Beijing on Thursday pushed back a US decision to revoke visas for more than 1,000 Chinese students and researchers who the American government believed posed a security risk or had ties to the Chinese military.
There was prejudice behind the visa decision, said Chinese Foreign Ministry spokesman Zhao Lijian.
The move was “outright political persecution and racial discrimination, which have seriously violated the human rights of Chinese students,” he said in a press conference Thursday, according to the state-run Global Times.
Beijing also warned against retaining the right to take further action, but did not elaborate.
Department of Homeland Security Acting Chief Chad Wolf accused China of abusing student visas to exploit American science when he made the visa announcement on Wednesday, saying China is trying to steal coronavirus research.
In July, the Justice Department announced charges against two Chinese nationals – both in China – for hacking governments, dissidents and private companies, including those involved in COVID-19 vaccine research. The indictment stated that the hackers were operating for their own benefit as well as for the main Chinese intelligence agency, the Ministry of State Security.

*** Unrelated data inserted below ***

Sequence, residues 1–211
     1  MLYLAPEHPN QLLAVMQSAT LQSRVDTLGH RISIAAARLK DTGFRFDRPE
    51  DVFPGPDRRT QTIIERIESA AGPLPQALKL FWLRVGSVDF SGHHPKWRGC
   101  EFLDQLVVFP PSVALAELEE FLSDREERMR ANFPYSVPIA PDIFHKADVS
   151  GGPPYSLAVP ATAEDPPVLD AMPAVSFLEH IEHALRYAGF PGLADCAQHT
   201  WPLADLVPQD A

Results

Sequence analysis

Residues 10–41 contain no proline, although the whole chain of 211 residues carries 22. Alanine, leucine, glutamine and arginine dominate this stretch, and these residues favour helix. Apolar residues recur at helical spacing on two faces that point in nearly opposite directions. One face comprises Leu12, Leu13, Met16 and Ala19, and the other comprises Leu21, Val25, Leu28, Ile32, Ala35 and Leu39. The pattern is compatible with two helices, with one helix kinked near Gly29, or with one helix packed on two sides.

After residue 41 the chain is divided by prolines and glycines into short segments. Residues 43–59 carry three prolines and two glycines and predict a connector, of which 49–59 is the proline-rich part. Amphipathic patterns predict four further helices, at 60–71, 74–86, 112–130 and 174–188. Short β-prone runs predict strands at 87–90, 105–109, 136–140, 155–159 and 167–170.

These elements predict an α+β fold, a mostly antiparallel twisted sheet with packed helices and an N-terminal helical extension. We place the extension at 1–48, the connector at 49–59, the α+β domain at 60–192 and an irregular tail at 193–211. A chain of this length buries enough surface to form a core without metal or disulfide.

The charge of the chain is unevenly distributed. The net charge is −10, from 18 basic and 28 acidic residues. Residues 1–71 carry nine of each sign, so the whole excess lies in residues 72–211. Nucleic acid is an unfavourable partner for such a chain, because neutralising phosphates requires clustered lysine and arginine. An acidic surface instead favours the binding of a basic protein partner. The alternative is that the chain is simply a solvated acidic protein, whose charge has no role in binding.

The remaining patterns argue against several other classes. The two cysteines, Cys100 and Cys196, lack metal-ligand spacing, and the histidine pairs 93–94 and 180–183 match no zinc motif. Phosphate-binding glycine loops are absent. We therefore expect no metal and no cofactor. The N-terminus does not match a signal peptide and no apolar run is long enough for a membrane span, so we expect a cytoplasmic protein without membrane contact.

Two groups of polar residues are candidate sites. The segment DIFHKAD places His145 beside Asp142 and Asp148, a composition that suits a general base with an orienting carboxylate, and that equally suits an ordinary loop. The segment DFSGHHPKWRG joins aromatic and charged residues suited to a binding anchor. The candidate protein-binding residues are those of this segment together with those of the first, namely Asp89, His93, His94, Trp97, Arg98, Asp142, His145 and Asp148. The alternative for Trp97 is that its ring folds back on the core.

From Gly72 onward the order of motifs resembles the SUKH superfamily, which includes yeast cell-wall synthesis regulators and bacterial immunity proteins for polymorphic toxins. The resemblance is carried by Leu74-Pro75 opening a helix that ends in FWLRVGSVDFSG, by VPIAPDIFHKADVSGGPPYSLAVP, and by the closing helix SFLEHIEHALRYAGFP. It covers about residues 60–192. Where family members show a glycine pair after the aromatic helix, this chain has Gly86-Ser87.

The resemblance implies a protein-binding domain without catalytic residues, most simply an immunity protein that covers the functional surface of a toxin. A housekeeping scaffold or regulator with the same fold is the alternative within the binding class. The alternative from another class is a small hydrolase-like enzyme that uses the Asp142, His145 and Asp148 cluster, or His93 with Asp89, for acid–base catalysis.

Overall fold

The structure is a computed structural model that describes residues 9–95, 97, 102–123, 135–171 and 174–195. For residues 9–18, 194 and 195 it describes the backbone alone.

China has denied the allegations.
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The visa measure was taken as part of a proclamation by President Donald Trump on May 29 in response to China’s restriction on Hong Kong’s autonomy, a State Department spokeswoman told Reuters.
The proclamation, which went into effect June 1, is aimed at an estimated 3,000 to 5,000 people affiliated with universities or institutions in China who, according to the United States, wish to acquire foreign technology for the benefit of the Chinese military.
Chinese students make up the majority of the international students in the United States. Every year around 360,000 American schools attend and generate around $ 14 billion in college revenues – even though the COVID-19 pandemic severely affected return to campus in the fall.
Relations between China and the US have sunk to new lows in recent months, with the world’s two largest economies clashing over trade and human rights issues as far as Hong Kong and the coronavirus.
Trump, who touted amicable relations with Chinese President Xi Jinping, made tough on China an important part of his November 3 re-election campaign and accused his Democratic opponent Joe Biden of being “gentle” on Beijing.
China’s youngest newspaper, People’s Daily, refused to publish a statement from the US Ambassador to China on Wednesday because the article did not meet his standards.
Reuters contributed to this report.